Creative Efforts Often Don’t Suit Interactive Media (Part 1)

This post is a blend of my thoughts with those posted by Philip W. Sawyer on 27th January 2010.  Thanks.  You helped my juices flow and you forced me to pull out my soapbox… However, apologies dear reader for the length of this piece.

This is written in response to the post of a few days ago that I found in Ad Age online where the creative authoring the post was claiming that metrics were inhibiting creativity.

Initially what scares me is that in this day and age any creative would admit that they believe metrics restrict their creativity – secondly, that they would then tell the world via the interweb…  Surely, just as research, analytics and metrics may pour doubt on a creative direction, these tools can equally help deliver a green light to a creative execution.

That aside, here’s my first attempt at posing an alternative view.  As I progressively get higher on my soapbox I may post additional rationale for why metrics and analytics don’t kill creativity…

In 2005, CNET undertook a series of landmark online-advertising-effectiveness studies with Starch Communications to identify the best approaches to online advertising. CNET made the research public, offering presentations throughout the country and on its website.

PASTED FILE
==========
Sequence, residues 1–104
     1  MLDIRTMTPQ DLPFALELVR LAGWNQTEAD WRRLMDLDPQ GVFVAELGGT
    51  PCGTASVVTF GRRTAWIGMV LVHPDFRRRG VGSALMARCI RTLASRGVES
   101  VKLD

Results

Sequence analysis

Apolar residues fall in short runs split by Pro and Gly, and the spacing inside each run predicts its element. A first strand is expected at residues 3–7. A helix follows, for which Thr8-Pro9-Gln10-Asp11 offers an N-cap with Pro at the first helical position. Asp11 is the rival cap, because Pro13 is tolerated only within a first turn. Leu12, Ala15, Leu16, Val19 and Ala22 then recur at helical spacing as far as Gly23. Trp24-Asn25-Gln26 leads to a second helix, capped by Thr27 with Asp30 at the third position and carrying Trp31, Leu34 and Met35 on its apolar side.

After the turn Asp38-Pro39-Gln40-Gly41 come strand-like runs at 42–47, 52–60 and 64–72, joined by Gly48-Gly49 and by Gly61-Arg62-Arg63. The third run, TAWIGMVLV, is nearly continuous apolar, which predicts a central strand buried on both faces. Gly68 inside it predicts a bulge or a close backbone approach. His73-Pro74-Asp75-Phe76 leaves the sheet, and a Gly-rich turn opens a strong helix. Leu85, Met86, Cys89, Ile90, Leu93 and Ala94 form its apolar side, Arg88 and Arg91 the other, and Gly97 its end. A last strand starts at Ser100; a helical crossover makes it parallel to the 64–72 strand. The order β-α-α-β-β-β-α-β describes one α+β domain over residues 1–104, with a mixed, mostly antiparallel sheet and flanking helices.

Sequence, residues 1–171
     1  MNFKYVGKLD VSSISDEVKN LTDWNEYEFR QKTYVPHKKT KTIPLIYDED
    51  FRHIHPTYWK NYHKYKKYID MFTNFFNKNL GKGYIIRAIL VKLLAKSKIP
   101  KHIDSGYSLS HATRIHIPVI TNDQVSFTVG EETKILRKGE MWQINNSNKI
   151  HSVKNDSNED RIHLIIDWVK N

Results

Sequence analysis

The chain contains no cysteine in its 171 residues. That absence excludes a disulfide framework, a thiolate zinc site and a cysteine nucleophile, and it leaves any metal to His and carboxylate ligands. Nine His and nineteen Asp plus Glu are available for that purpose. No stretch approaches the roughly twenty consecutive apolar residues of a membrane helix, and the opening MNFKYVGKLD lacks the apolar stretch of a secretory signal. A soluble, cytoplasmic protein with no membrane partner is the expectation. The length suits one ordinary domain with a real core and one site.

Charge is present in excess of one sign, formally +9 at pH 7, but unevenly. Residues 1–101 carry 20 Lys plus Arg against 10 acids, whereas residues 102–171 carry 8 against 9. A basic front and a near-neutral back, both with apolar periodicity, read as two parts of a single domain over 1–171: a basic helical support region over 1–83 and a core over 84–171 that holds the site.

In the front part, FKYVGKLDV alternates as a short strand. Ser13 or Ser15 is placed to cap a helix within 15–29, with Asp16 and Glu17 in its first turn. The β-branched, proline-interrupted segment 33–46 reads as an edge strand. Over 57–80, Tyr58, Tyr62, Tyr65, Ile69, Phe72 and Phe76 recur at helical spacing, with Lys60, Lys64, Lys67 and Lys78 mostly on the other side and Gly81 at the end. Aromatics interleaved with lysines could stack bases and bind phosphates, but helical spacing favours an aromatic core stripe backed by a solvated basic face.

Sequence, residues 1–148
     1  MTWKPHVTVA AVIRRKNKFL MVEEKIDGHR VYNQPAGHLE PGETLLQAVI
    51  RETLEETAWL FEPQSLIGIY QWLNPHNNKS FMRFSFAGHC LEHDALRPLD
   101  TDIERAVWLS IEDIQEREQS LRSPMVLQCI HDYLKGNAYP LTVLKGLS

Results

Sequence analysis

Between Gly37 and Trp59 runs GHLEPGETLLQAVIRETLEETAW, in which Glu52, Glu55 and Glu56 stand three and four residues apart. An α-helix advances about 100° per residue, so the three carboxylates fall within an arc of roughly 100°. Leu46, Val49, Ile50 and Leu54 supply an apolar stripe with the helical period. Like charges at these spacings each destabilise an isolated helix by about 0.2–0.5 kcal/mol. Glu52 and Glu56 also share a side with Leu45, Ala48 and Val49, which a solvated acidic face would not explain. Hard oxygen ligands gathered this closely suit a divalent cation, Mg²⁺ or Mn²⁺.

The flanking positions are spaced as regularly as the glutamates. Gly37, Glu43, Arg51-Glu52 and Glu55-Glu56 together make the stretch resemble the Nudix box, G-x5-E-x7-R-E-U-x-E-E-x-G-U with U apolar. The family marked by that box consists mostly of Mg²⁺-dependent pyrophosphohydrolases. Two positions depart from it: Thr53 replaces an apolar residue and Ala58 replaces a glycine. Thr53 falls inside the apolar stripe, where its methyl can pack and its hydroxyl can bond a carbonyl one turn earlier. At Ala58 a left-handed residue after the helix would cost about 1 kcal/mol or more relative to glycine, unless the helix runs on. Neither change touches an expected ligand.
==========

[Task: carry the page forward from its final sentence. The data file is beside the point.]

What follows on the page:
How effective is digital advertising today?  The lead analyst for those studies, is blunt in his response: Many digital advertisers make the same mistakes that the least effective advertisers made five years ago.

However, the analyst for that study claims that the medium isn’t to blame. The problems are due to creative efforts that do not suit the medium and the refusal to employ research tools that can identify creative problems and how to fix them.

I would add that traditional creative agencies acknowledge that some creative teams are best at TV, some better suit Print and some (as rare as hens teeth) are best suited for radio.  So, why is it that so few traditional creatives acknowledge that digital and interactive creative conceptualization and execution also have their quirks that need focus and understanding.  So, perhaps the following points actually reflect this digital uniqueness that is not being acknowledged by ‘Old World’ communications agencies.

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~ by rtymerej on March 21, 2010.

 
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